Gardening Help—Spring 2016 Edition

Written by Denise Deby.

https://cog.ca/ottawa/
https://cog.ca/Ottawa/

Could spring finally be here? If you’re ready to start your garden soon, there’s help available.

Canadian Organic Growers Ottawa – St. Lawrence – Outaouais (COG-OSO) is running their Urban Organic Gardening Seminars series Apr. 12-May 3. Topics include growing organic vegetables, herbs, fruit and nut trees, bed and container gardening, seeds, soils, disease and pest management, and more. Sign up for one or more seminars, or do all 7. Check the website for the schedule and location.

The Community Gardening Network at Just Food is holding spring gardening workshops. The season starts Apr. 12 through May, and includes Herbal Tips & Tricks, Working with Nature in the Garden: Permaculture Principles & Design, Natural Pest Control and Companion Planting and Beginner Organic Vegetable Gardening. Dates and details on the website.

Friends of the Farm hosts Master Gardener Lectures from Apr. 5-May 17. They also offer gardening tours, a rare and unusual plant sale (May 15) and other resources.

Master Gardeners of Ottawa-Carleton provides lots of help for gardeners of all skill levels. Check out their workshop on Garden Design for Evolving Realities (Apr. 23), and links to other advice and resources on their website.

Gardening workshops offered through the City of Ottawa include “Parent n’ Me” on May 7 and Organic Gardening on May 14.

Interested in creating a pollinator-friendly neighbourhood? A child-friendly fairy garden? Check out these and other events with the Ottawa Horticultural Society.

Want to delve into ecological gardening through permaculture? Check out the courses at http://www.eonpermaculture.ca/about-courses.

The Wild Garden has plant walks and workshops—see the website for details.

There’s a talk on “The Science behind the Amazing Things Plants Do” by author and horticultural professor Dr. Linda Chalker-Scott on Apr. 28. See the poster on the Just Food website.

The Ottawa Citizen maintains a comprehensive list of gardening events at http://ottawacitizen.com/category/life/homes/gardening.

Know of other events or sources of advice on gardening? Please let us know in the comment section!

 

 

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Dry Skin Solutions (That Work for Hair, Too)

Written by Denise Deby.

IMG_1592

There’s an upside to the seemingly endless winter we’ve been having. It’s that I’ve had the chance to try several products that help ease dry skin—the kind that results from cold weather and dry indoor environments—and I’m sharing this with you.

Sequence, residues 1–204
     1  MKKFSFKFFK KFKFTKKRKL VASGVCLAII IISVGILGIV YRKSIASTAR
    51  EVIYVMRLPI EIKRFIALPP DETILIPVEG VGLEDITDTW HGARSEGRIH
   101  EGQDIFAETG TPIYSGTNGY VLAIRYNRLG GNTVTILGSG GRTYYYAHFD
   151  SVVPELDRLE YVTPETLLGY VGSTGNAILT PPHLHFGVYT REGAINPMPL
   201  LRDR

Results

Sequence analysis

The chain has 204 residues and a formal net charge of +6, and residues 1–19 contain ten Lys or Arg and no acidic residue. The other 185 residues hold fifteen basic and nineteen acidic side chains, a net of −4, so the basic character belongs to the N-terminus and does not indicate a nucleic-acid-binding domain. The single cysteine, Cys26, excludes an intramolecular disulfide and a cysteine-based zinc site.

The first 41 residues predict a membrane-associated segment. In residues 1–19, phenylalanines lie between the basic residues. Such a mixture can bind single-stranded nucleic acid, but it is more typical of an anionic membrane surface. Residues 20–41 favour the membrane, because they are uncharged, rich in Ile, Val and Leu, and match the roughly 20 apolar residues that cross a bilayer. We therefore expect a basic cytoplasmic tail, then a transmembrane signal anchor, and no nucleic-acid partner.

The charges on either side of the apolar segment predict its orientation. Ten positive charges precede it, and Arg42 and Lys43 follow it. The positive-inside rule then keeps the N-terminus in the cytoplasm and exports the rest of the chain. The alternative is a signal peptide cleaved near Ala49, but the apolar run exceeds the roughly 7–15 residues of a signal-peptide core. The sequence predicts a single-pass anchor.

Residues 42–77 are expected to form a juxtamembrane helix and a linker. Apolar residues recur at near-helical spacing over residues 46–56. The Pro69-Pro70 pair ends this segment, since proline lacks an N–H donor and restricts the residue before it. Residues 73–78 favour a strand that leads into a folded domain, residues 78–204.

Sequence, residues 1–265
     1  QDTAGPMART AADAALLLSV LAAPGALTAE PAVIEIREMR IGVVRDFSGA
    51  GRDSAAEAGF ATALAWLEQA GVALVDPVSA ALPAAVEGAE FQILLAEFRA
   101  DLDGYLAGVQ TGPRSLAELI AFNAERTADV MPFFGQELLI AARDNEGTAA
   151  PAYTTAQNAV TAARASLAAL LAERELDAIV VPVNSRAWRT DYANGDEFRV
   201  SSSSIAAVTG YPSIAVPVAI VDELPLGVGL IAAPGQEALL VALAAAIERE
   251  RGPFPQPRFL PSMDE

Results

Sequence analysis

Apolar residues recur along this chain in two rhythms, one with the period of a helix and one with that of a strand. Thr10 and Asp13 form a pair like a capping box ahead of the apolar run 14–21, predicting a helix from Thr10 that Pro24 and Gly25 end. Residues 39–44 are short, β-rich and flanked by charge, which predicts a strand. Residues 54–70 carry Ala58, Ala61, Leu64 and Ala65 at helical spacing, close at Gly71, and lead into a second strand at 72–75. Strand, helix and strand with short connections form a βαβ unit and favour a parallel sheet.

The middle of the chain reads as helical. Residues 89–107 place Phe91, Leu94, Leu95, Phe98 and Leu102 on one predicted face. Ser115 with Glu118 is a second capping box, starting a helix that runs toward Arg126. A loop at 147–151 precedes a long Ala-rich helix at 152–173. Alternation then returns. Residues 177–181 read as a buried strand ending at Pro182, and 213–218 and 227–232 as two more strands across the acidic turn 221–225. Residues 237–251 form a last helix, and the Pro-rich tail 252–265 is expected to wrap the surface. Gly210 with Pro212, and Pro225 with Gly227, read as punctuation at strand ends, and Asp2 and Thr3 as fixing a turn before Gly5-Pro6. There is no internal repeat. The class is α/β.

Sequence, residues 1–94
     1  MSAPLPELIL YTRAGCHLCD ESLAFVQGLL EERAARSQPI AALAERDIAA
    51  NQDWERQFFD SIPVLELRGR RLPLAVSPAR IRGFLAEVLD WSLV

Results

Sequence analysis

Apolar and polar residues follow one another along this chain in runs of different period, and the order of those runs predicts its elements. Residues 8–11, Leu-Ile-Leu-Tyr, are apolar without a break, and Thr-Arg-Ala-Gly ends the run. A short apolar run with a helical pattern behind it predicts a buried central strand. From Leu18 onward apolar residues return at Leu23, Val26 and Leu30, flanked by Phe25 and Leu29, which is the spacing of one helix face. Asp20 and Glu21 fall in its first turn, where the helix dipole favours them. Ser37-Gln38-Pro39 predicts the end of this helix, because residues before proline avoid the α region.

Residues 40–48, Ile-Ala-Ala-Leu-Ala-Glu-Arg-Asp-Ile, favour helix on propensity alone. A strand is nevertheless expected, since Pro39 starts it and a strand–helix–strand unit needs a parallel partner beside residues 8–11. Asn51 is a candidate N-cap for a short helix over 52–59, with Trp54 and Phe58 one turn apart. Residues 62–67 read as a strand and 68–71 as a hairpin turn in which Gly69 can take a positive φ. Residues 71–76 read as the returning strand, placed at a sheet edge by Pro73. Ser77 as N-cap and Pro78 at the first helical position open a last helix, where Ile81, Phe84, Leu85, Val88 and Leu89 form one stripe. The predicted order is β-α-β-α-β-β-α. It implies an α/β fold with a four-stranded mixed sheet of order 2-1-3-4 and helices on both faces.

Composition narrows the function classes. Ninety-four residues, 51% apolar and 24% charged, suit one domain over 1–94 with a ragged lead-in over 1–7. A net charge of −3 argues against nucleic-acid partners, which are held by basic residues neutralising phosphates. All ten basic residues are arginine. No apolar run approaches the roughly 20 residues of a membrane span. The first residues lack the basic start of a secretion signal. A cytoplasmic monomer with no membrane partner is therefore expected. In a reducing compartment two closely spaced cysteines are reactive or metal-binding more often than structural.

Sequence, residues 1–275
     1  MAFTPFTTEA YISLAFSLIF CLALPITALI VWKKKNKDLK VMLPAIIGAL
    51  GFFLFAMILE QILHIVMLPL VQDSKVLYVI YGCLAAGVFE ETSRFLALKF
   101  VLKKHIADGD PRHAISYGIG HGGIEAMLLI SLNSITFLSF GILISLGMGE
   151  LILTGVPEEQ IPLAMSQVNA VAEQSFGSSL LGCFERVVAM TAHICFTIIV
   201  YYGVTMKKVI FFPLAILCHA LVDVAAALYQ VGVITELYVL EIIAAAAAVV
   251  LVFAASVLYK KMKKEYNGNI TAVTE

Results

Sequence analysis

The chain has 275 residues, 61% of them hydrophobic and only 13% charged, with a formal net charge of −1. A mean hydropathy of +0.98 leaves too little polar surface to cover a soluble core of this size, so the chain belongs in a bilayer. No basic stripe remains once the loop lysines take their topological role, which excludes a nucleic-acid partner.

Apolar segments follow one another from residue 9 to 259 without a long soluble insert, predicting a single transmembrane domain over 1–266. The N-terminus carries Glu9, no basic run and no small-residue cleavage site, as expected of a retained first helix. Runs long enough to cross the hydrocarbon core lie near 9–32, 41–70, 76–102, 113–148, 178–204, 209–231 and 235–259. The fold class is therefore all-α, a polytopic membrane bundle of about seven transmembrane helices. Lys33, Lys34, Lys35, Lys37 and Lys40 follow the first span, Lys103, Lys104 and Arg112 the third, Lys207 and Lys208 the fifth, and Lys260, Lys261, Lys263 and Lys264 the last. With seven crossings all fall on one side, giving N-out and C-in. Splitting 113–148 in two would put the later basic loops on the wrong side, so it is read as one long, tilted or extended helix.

Granted, I tried only a few of the many eco-friendly products available now in Ottawa, but here are three that worked well (depending on one’s skin and hair type, of course):

Purple Urchin Winter Hand Balm was very effective in calming my dry, cracked hands. It contains natural ingredients and has a piney-lavendery scent. (It includes almond oil–I mention that in case nut allergies/sensitivities are an issue–and you’re advised not to use it if you’re pregnant.) It isn’t billed as a hair product, but it gave my hair shape in the way a texturizing creme or styling wax would. I picked it up at Westboro Organics, but you can find it at other places around town including Ottawa-based Purple Urchin itself.

worldBuzz hair (and body) dressing, made by Toronto-based WORLD, contains just beeswax, jojoba oil, coco crème and olive wax. Just a small amount works like a pomade or wax—but without the parabens, phthalates, sulfates or fragrances that many conventional products contain. It’s great for dry skin, too. I found WORLD products at terra 20.

Coconut oil is a great all-round moisturizer for skin and hair. When not warmed up, it’s in solid form, but quickly melts in your hands. As with the other two products above, a little goes a long way. (I picked up some Now solutions “100% natural” vegan unscented coconut oil ages ago at Whole Foods, and still have half a jar left.) You can find organic, non-GMO coconut oil in many stores, from Kardish to Bulk Barn to Loblaws, too.

Bonus tip: olive oil and argan oil also work well for both skin and hair.

In general, look for products without harmful chemicals: take along a guide to the “toxic ten” or “dirty dozen” substances to avoid, and check ingredient lists when you shop. Often, the fewer ingredients the better.